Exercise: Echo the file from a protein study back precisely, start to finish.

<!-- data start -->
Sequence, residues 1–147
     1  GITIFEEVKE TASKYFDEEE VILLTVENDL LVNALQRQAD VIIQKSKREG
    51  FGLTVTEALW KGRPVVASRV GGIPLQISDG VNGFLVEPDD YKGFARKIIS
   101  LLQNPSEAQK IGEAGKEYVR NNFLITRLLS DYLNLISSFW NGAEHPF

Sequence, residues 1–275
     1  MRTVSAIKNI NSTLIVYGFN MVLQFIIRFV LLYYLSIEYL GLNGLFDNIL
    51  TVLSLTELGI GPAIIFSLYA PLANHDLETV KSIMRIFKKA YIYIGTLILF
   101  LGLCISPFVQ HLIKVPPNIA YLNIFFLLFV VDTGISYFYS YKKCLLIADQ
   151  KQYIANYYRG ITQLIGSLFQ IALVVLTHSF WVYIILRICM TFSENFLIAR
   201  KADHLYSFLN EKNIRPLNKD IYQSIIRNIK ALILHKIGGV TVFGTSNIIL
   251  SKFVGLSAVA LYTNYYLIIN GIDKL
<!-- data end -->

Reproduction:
Sequence, residues 1–147
     1  GITIFEEVKE TASKYFDEEE VILLTVENDL LVNALQRQAD VIIQKSKREG
    51  FGLTVTEALW KGRPVVASRV GGIPLQISDG VNGFLVEPDD YKGFARKIIS
   101  LLQNPSEAQK IGEAGKEYVR NNFLITRLLS DYLNLISSFW NGAEHPF

Sequence, residues 1–275
     1  MRTVSAIKNI NSTLIVYGFN MVLQFIIRFV LLYYLSIEYL GLNGLFDNIL
    51  TVLSLTELGI GPAIIFSLYA PLANHDLETV KSIMRIFKKA YIYIGTLILF
   101  LGLCISPFVQ HLIKVPPNIA YLNIFFLLFV VDTGISYFYS YKKCLLIADQ
   151  KQYIANYYRG ITQLIGSLFQ IALVVLTHSF WVYIILRICM TFSENFLIAR
   201  KADHLYSFLN EKNIRPLNKD IYQSIIRNIK ALILHKIGGV TVFGTSNIIL
   251  SKFVGLSAVA LYTNYYLIIN GIDKL